Research Design Considerations research questions –not just a journey into the unknown hypotheses –balance between induction & deduction data collection –triangulation (data source, method, investigator) for construct validity –researcher involvement, identity and biase data analysis –within case and cross-case analytic strategies for internal validity (Yin’s research designs and Pettigrew’s framework) interpreting the observations –explaining variation
Can we learn anything from a sample of one?
The case of Phineas Gage…
CONTEXT Case CONTEXT Case CONTEXT Case CONTEXT Case CONTEXT Case Embedded Unit of Analysis 1 Embedded Unit of Analysis 2 CONTEXT Case Embedded Unit of Analysis 1 Embedded Unit of Analysis 2 CONTEXT Case Embedded Unit of Analysis 1 Embedded Unit of Analysis 2 CONTEXT Case Embedded Unit of Analysis 1 Embedded Unit of Analysis 2 CONTEXT Case CONTEXT Case Embedded Unit of Analysis 1 Embedded Unit of Analysis 2 Multiple-case designs Single-case designs Holistic (single unit of analysis) Embedded (multiple units of analysis) Yin, 2003
Pettigrew’s ‘meta- level’ analytical framework OUTCOME VARIABLES CHANGE CONTENT Reasons for applying FPp & its application in a MTO and MTS environment External Variables MTS Unit of Analysis MTO Unit of Analysis FPp Unit of Analysis Internal Variables CONTEXT Business environment, product/manufacturing process types Skipworth 2003
Example of Case Study Scope Product Specs. Process Specs. Manufacturing Planning Production Scheduling Customer Order Processing Stock Control Production Outbound Logistics Product Data Bills of Material Process routings Duration, frequency, capacity plan Production line schedules Delivery schedule Replenishment factory orders Production line records Ex-works records Production Equipment FacilitiesMode of transport Project Boundary Skipworth, 2003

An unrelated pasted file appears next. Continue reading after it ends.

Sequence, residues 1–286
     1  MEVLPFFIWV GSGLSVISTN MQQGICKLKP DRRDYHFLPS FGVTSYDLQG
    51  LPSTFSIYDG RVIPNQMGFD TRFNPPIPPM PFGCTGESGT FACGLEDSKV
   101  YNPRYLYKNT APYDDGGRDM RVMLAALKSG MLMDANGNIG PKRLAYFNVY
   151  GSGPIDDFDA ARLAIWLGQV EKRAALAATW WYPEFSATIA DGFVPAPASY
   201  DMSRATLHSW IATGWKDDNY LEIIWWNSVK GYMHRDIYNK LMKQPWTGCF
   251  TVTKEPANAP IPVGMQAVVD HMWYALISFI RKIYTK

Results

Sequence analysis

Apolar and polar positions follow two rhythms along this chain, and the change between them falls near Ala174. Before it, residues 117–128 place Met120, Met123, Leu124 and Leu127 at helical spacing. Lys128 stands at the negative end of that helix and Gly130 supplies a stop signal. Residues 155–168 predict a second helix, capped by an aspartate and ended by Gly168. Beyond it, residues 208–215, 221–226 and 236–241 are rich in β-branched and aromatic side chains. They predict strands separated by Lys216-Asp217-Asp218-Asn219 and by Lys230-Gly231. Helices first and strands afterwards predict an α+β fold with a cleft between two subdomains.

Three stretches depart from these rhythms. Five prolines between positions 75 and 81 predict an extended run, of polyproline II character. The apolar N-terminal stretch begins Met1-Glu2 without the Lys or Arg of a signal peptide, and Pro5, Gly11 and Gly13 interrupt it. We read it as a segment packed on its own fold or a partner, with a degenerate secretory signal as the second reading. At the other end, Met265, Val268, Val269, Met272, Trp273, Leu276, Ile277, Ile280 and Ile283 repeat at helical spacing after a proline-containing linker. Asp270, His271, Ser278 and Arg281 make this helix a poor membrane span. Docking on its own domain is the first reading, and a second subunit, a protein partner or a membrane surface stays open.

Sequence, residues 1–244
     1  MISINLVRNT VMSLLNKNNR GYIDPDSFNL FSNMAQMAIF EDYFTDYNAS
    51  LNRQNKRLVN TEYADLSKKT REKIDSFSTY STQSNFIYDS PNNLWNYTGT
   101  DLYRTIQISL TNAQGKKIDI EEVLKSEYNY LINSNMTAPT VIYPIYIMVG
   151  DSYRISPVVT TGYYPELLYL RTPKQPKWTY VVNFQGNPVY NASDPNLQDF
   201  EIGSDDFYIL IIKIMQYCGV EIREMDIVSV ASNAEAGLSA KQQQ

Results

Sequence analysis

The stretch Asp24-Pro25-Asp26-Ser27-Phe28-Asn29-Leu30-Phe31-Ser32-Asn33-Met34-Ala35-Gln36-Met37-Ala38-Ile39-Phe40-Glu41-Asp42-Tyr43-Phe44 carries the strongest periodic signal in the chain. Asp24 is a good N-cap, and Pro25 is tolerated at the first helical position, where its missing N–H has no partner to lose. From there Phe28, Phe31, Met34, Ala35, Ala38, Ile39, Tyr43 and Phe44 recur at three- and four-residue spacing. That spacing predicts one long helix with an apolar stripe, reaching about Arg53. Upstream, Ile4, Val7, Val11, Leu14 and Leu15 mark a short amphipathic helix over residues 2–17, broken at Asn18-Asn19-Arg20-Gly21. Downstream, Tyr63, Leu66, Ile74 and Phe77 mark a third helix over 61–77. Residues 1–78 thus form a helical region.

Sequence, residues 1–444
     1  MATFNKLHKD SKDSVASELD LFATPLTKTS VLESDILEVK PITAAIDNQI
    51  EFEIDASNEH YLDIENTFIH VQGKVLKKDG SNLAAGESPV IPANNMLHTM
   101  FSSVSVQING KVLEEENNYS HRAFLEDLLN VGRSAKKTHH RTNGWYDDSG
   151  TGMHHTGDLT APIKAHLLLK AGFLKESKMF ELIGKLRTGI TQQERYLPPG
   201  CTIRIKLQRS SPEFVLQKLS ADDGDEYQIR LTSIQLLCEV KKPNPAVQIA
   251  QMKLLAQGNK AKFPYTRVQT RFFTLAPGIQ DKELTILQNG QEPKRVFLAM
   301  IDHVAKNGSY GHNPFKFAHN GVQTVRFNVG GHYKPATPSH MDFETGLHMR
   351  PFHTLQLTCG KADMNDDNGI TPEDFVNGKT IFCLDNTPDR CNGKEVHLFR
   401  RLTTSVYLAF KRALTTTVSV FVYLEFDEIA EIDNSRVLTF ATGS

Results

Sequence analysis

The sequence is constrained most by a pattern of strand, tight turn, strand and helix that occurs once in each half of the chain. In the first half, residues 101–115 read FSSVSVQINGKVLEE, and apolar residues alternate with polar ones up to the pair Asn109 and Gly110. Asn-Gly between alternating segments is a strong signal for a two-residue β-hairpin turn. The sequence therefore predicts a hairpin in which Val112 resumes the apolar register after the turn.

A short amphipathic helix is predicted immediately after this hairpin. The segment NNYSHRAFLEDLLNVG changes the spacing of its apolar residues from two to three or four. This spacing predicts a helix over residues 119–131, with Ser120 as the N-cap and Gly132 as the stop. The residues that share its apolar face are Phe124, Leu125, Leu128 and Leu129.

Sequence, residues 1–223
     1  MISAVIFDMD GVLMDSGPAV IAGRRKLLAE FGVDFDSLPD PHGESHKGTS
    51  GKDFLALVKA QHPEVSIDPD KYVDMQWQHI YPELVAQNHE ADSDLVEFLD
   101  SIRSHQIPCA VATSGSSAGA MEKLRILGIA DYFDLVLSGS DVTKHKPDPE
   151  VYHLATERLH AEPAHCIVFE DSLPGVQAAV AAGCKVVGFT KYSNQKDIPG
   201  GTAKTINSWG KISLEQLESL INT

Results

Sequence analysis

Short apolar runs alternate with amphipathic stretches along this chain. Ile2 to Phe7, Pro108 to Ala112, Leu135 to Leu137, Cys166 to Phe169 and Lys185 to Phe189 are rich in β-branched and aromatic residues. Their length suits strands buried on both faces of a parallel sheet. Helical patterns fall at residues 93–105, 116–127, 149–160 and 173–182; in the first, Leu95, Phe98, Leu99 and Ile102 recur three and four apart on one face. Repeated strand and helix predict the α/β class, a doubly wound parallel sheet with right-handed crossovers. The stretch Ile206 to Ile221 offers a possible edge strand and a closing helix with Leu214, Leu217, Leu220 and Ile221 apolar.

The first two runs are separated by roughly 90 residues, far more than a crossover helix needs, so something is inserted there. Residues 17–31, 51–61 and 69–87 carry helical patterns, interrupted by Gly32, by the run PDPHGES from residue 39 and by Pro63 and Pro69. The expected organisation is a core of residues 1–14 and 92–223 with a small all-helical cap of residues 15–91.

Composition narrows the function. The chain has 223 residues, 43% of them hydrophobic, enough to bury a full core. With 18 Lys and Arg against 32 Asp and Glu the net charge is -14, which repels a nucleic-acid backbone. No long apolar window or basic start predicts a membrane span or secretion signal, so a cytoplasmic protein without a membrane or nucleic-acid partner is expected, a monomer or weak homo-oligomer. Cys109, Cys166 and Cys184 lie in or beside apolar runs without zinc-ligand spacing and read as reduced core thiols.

Selection in Case Study Research Case selection for external validity & analytic generalisation - clarify domain - sampling using replication logic – theoretical or literal - extremes and polar types Selecting the Unit of Analysis - differences in outcome - coming to terms with time - snapshot / longitudinal / retrospective Selecting the data sources/methods - informants - opponents / supporters / doubters - methods - databases / documents / observations / interviews
Example of different outcomes...
Analysing Case Studies data collection and analysis iterative process - theory data within case analysis - between units of analysis or establishing links between observations - qualitative and quantitative data cross-case analysis - search for patterns - similarities & differences
Eisenhardt’s Roadmap – assumes inductive getting started selection of cases selection of research methods entering the field analysing data shaping hypotheses enfolding literature reaching closure Eisenhardt, 1989
Analysing Case Study Evidence Analysing case studies is always challenging because of the detail. It is helped by: –being clear about research objectives –being clear about the unit of analysis & study questions –coming to terms with time –making your research method explicit –making your meta level framework explicit –making your hypotheses explicit –identifying themes that cut across the data –using techniques of data reduction & display